Thus, an electronic device superior in the performance and capable of preventing degradation of the performance with time can be manufactured.

The method according to this aspect of the invention preferably includes the following step prior to the step (a): cleaning at least the surface of the electrode to be provided with the organic film, wherein the cleaning step is executed with an oxygen plasma treatment.

If the oxygen plasma treatment is executed on the surface of the electrode, an uneven section or a defective section to which the organic compounds forming the organic film are hard to be coupled, for example, is formed on the surface of the electrode, thus, the coupling rate (reaction rate) or the coupling density of the organic compounds to the surface of the electrode can easily be controlled.

In the method according to this aspect of the invention, the organic film is preferably formed in the step (a) by contacting an organic film forming fluid including the organic compounds having a concentration of 0.01 through 10 mM with the surface of the electrode to be provided with the organic film for 0.1 through 200 minutes.

Thus, the charges can further efficiently be transferred between the electrode and the organic semiconductor layer via the organic film.

An electronic apparatus according to still another aspect of the invention includes the electronic device according to the above aspect of the invention.

Thus, the electronic apparatus with high reliability can be obtained.

BRIEF DESCRIPTION OF THE DRAWINGS

The invention will now be described with reference to the accompanying drawings, wherein like numbers refer to like elements, and wherein:

FIGS. 1A and 1B are schematic views showing a first embodiment of applying an electronic device according to the invention as a thin film transistor.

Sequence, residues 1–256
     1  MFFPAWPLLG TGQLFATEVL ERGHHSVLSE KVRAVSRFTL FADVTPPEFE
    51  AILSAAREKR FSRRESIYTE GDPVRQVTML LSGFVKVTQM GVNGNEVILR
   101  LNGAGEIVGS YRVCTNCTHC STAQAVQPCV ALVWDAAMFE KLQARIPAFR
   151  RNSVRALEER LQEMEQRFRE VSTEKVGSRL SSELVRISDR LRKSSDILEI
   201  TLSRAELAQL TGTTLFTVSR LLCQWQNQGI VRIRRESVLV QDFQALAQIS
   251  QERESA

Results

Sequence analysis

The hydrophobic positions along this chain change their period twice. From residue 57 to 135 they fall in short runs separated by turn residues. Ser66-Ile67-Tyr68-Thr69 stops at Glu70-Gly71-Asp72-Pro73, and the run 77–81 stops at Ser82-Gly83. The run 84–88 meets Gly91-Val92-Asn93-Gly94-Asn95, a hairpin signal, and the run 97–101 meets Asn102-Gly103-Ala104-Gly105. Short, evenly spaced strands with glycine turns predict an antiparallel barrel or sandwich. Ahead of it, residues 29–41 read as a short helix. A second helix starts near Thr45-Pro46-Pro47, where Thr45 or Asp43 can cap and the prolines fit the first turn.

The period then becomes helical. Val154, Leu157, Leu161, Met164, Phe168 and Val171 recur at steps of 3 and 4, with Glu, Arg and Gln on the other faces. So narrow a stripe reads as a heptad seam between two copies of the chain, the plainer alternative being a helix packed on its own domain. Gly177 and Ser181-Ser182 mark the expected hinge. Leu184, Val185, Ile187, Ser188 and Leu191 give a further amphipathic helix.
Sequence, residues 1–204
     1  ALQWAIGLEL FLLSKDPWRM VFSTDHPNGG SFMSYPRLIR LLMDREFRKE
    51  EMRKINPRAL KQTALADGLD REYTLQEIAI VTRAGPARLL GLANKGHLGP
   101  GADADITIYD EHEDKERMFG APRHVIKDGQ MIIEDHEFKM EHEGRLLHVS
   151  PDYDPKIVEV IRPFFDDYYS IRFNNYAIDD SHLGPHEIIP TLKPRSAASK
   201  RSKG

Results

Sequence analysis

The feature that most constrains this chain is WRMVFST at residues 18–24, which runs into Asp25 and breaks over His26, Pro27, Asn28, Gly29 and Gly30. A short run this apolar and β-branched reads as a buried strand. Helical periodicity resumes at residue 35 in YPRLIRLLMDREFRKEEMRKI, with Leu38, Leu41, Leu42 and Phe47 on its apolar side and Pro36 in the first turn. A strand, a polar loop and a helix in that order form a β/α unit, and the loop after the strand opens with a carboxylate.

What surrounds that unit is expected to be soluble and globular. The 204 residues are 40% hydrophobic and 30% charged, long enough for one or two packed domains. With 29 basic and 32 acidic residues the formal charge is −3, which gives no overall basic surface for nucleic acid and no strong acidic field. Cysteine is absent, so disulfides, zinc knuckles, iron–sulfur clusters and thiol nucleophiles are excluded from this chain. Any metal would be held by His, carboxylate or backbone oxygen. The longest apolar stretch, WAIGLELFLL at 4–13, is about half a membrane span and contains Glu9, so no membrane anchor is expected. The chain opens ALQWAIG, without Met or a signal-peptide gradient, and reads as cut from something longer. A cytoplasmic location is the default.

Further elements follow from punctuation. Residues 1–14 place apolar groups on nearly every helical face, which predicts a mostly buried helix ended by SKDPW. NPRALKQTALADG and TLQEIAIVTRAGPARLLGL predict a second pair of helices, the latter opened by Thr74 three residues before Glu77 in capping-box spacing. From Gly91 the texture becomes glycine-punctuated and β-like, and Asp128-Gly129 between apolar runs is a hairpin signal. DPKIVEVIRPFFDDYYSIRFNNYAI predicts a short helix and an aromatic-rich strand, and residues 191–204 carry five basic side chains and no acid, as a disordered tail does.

FIGS. 2A through 2C are views (vertical cross-sectional views) for explaining a manufacturing method of the thin film transistor shown in FIGS. 1A and 1B.

FIGS. 3A and 3B are views (vertical cross-sectional views) for explaining the manufacturing method of the thin film transistor shown in Figs. 1A and 1B.

FIG. 4 is a schematic view showing a second embodiment of applying an electronic device according to the invention as a thin film transistor.

FIG. 5 is a vertical cross-sectional view showing an embodiment of an electrophoretic display device.

FIG. 6 is a block diagram showing a configuration of an active matrix device provided to the electrophoretic display device shown in FIG. 5.

FIG. 7 is a perspective view showing an embodiment of applying the electronic apparatus according to the invention to an electronic paper.

FIGS. 8A and 8B are schematic views showing an embodiment of applying the electronic apparatus according to the invention to a display.

DETAILED DESCRIPTION OF EMBODIMENTS

An electronic device, a method of manufacturing the electronic device, and an electronic apparatus according to the invention will hereinafter be described in accordance with some preferred embodiments illustrated in the drawings.

First Embodiment

Firstly, a case in which an electronic device according to the invention is applied as a thin film transistor will be described as a representative thereof.

Figs. 1A and 1B are schematic views (FIG. 1A is a vertical cross-sectional view and FIG. 1B is a plan view.) showing a first embodiment of the case in which the electronic device according to the invention is applied as a thin film transistor, and each of FIGS. 2A through 2C, 3A, and 3B is a view (a vertical cross-sectional view) for explaining a manufacturing method of the thin film transistor shown in FIGS. 1A and 1B.